The Sunni-Shi’a split goes back to the early days of Islam and arose out of a succession dispute :
How was the caliph - or the successor of the Prophet Mohammed - going to be determined? The Sunnis are an 85% majority in the Islamic world, but the home of the Shi’a is Persia-Iran. There is significance to this. Without going into the details of the succession dispute, it may be noted that it resulted in two different versions of the relationship between religion and politics, between mosque and state. Iran has always maintained that the imam who leads the community needs be both a religious and political authority. That is why ayatollahs head up the society today.
The predominant strand of Shi'a Islam is that of the “Twelvers”. They believe in 12 divinely appointed imams, from the Prophet’s bloodline.
Eleven have appeared and the last has been occultated (hidden) since the 900s. The return of this promised Mahdi is interestingly identified with the Second Coming of Jesus Christ. The Twelve Imams hold spiritual and religious authority; know the correct and just interpretation of Sharia; and can expound the esoteric Quran along with the exoteric.
Imagine that : the esoteric Quran. The Sufis also maintain the existence of such, and even have a word “Irfan”, which is roughly the equivalent of the Greek “gnosis”: spiritual knowledge. There is a definite gnostic vein in Iranian spirituality that conduces towards interfaith fruitfulness and a universalisation that transcends sectarianism.
The reach of the Twelvers on Iranian politics is profound.
The former Iranian president, Ahmadinejad, could maintain that America was the “Great Satan”, not out of sensationalistic point-scoring but, I suspect, on the following logic. If Shia Iran must play a central role in ushering in the Mahdi; and the Mahdi’s task is to expose and overthrow the Masih ad-Dajjal, the AntiChrist; and, further, if the USA seems to be a major antagonist of Iran - then, it follows, that America could have some “Great Satan” connection. Religious ideology can drive politicians to these generalisations. Remember, Ronald Reagan dubbed the Soviet Union the “evil empire”.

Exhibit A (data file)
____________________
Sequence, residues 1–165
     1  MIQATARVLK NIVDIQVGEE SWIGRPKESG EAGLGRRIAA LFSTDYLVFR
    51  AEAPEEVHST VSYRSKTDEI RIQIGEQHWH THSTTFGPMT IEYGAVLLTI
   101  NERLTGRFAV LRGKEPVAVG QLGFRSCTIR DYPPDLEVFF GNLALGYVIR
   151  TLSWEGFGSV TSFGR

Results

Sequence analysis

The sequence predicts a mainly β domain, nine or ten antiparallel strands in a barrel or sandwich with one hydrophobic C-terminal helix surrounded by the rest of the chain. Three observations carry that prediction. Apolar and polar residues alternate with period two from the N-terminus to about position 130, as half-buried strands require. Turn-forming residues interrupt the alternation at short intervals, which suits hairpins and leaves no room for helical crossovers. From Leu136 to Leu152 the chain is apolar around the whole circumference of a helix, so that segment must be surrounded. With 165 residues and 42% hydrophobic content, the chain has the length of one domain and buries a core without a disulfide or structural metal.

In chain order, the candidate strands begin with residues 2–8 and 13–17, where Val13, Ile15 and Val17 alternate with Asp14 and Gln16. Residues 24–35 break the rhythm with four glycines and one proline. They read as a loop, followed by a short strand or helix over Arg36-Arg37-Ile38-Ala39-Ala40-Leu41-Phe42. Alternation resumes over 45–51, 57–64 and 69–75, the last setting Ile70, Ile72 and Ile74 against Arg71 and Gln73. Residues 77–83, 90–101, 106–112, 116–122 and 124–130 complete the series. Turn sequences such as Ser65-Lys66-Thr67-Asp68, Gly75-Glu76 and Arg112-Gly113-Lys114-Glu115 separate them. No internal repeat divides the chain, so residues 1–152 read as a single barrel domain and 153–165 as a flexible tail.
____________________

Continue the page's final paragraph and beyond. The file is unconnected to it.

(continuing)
The Alawites of Syria share the Shi’a belief in the Twelve Imams.
This means that Alawite Syrian president Bashar al-Assad may well be engaging in domestic and foreign policy against the same apocalyptic backdrop.
Among all Muslim lands, it was in Persia that the seeds of Baha’ism were sown.
In a land shaped by Shi’a expectancy and sense of ongoing revelation, in the city of Shiraz, there arose a self-proclaimed messenger of God, the Bab, who was the forerunner to Baha’u’llah, the founder of the Baha’i faith. The Bab’s heralding of Baha’u’llah is sometimes compared to the Baptist’s heralding of Christ. Ironically, the Baha’i are singled out for persecution from among all minority “heretic” sects today in Iran. Neither the Christians, nor the Jews (who have been in Persia for the better part of three thousand years) are so persecuted - just the Baha’i, who were homegrown in a Shi’a matrix. Basic liberties and access to education have been denied them. Yet their message for the whole world readily resonates with many in the west:
That there is progressive revelation of the Divine plan which does not invalidate previous instalments. That from the middle of the nineteenth century onwards, the religious constituency had to be an inclusive, global one. That the species must move beyond racism, beyond religious intolerance, beyond all forms of bigotry; and promote gender equality. That unity in diversity is the goal.
These are a few reasons for loving the Iranian religious heritage.